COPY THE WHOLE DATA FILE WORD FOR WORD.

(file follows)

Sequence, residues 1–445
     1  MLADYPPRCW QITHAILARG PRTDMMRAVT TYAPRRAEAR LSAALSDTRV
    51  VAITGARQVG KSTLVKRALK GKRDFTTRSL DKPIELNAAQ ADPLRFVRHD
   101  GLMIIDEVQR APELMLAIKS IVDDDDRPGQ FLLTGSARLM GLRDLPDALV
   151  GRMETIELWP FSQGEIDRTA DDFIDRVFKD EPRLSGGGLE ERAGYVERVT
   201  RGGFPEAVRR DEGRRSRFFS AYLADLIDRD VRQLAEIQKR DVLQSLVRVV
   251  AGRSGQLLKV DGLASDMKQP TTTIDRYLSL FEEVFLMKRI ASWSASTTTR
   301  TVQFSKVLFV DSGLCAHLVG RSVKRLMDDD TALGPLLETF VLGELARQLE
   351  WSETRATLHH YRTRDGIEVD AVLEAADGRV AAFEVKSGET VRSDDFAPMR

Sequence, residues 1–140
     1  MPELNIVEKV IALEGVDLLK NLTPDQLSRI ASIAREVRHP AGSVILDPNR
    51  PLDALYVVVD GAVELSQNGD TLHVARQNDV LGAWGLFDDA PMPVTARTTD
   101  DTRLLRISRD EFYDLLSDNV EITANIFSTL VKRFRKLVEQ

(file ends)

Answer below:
Sequence, residues 1–445
     1  MLADYPPRCW QITHAILARG PRTDMMRAVT TYAPRRAEAR LSAALSDTRV
    51  VAITGARQVG KSTLVKRALK GKRDFTTRSL DKPIELNAAQ ADPLRFVRHD
   101  GLMIIDEVQR APELMLAIKS IVDDDDRPGQ FLLTGSARLM GLRDLPDALV
   151  GRMETIELWP FSQGEIDRTA DDFIDRVFKD EPRLSGGGLE ERAGYVERVT
   201  RGGFPEAVRR DEGRRSRFFS AYLADLIDRD VRQLAEIQKR DVLQSLVRVV
   251  AGRSGQLLKV DGLASDMKQP TTTIDRYLSL FEEVFLMKRI ASWSASTTTR
   301  TVQFSKVLFV DSGLCAHLVG RSVKRLMDDD TALGPLLETF VLGELARQLE
   351  WSETRATLHH YRTRDGIEVD AVLEAADGRV AAFEVKSGET VRSDDFAPMR

Sequence, residues 1–140
     1  MPELNIVEKV IALEGVDLLK NLTPDQLSRI ASIAREVRHP AGSVILDPNR
    51  PLDALYVVVD GAVELSQNGD TLHVARQNDV LGAWGLFDDA PMPVTARTTD
   101  DTRLLRISRD EFYDLLSDNV EITANIFSTL VKRFRKLVEQ